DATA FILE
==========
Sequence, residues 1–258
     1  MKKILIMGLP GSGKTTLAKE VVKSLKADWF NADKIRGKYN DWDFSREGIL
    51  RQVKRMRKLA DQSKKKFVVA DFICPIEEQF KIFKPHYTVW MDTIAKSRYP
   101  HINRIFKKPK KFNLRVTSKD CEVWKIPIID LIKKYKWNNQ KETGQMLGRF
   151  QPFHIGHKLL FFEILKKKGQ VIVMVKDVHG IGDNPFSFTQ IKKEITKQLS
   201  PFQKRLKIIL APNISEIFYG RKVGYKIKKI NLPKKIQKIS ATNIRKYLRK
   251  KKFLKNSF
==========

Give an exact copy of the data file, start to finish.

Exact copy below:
Sequence, residues 1–258
     1  MKKILIMGLP GSGKTTLAKE VVKSLKADWF NADKIRGKYN DWDFSREGIL
    51  RQVKRMRKLA DQSKKKFVVA DFICPIEEQF KIFKPHYTVW MDTIAKSRYP
   101  HINRIFKKPK KFNLRVTSKD CEVWKIPIID LIKKYKWNNQ KETGQMLGRF
   151  QPFHIGHKLL FFEILKKKGQ VIVMVKDVHG IGDNPFSFTQ IKKEITKQLS
   201  PFQKRLKIIL APNISEIFYG RKVGYKIKKI NLPKKIQKIS ATNIRKYLRK
   251  KKFLKNSF